There are times in one’s life when things change and you know it. Something happens — a birth, a death, a move, an argument — and you realize that everything has tilted five degrees to the left or right, and will never be the same again.
Because art does imitate life, the same goes for movies. Dorothy opens her black-and-white door to a world full of color. That vast white starship glides — almost endlessly — over the top of the screen in the first frames of “Star Wars.” Those computer-generated dinosaurs, big as life and twice as ugly, emerge from the jungle in “Jurassic Park.”
One of those moments has come again with “Sky Captain and the World of Tomorrow.” Shot entirely against a green screen with sets, props, giant robots and whole landscapes added in later by computer, “Sky Captain” represents the next step in a journey started by the aforementioned “Jurassic Park” — toward a time when CGI will be so good that we can’t tell what is real and what is pixel.
While there are a few glitches that look oh-so-phony (bone, for instance, doesn’t quite look like real bone; and the cars don’t really move or reflect the light like real cars), the vast majority of the scenes work, complete and perfect in their reality. Better, it’s not just a technologically stunning film, it’s a great movie — an old-fashioned cliffhanger that hearkens to the golden age of motion pictures, when superheroes and serials ruled the matinee.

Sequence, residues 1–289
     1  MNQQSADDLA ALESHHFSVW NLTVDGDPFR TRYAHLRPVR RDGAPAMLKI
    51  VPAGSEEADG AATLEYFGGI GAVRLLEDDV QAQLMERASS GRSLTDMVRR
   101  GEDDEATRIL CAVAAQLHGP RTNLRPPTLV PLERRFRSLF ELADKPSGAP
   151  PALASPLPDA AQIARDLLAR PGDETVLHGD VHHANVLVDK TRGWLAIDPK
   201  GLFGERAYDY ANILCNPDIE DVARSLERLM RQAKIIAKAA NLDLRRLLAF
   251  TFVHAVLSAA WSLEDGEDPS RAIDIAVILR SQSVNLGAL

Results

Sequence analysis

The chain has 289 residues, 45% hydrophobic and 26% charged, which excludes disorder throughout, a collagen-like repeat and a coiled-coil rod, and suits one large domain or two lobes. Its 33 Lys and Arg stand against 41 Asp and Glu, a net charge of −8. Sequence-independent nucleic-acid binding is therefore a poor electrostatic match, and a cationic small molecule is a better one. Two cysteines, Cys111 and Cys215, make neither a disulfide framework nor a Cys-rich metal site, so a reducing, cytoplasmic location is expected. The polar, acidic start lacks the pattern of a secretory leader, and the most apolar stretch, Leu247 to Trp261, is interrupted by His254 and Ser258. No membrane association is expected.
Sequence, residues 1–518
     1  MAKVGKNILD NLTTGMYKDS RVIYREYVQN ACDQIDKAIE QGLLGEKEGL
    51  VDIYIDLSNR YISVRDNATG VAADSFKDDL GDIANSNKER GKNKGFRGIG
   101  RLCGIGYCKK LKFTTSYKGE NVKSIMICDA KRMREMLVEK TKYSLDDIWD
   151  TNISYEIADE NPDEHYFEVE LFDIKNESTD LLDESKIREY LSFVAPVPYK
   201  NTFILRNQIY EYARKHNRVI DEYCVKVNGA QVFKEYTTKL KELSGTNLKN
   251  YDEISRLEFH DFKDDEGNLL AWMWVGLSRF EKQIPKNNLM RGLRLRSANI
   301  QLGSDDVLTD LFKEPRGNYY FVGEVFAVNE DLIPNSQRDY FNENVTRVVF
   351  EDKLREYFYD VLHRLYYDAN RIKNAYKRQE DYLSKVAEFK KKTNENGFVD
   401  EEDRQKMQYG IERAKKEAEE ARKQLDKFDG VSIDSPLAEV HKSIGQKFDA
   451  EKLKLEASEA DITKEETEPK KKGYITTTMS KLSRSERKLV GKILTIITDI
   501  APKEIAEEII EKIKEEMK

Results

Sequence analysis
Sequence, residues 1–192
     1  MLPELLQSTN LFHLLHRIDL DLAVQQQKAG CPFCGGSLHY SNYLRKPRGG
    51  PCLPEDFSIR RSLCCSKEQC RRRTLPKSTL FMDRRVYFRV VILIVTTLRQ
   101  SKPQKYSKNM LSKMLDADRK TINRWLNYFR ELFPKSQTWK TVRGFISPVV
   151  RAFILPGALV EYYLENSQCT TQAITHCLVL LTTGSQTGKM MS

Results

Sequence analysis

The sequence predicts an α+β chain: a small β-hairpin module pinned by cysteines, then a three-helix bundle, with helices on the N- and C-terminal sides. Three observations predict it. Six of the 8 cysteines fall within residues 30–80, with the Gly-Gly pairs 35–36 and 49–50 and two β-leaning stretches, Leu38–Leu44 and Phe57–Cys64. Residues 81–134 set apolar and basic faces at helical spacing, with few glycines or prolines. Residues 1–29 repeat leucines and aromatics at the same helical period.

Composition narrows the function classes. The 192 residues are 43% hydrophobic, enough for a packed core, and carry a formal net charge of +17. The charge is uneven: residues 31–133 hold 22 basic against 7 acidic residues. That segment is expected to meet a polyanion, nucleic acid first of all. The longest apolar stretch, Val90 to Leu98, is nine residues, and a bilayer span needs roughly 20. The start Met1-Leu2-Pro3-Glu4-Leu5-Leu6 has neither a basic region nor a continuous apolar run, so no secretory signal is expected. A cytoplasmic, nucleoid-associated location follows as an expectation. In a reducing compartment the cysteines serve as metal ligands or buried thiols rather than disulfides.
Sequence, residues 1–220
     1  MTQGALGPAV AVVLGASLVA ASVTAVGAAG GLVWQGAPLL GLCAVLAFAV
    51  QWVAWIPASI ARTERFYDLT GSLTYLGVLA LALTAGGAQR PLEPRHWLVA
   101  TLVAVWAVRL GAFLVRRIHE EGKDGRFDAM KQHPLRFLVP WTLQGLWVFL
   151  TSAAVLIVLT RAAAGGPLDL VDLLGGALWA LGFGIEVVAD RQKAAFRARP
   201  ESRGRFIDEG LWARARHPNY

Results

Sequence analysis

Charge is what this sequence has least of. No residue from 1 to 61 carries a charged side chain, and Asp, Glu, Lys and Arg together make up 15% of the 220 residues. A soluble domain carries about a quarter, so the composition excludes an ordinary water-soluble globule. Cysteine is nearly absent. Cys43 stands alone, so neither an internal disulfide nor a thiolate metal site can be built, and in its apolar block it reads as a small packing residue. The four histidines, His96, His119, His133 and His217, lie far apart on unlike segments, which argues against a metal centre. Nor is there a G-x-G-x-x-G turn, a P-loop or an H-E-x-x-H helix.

An army of giant robots attacks New York, bent on stealing the city’s generators. This is not the modern New York, or even a past New York, but a kind of retro-future version of the city — one where the world has lived up to the Art Deco lines and economic promise envisioned after World War I. When the robots come, reporter Polly Perkins (Gwyneth Paltrow) goes out after the story and ends up darting between the feet of the robots as they go marching through the streets. She soon meets a mysterious Dr. Jorge Vargas (Julian Curry), who entrusts her with two silver vials and the name of the mad scientist responsible for the mechanized monsters: Dr. Totenkopf. Meanwhile, after the police and army are decimated by the robots, they must call on Polly’s old boyfriend Joe “Sky Captain” Sullivan (Jude Law), an ace pilot, who — with the help of his gadget-equipped fighter plane — is able to drive off the robots and save the day.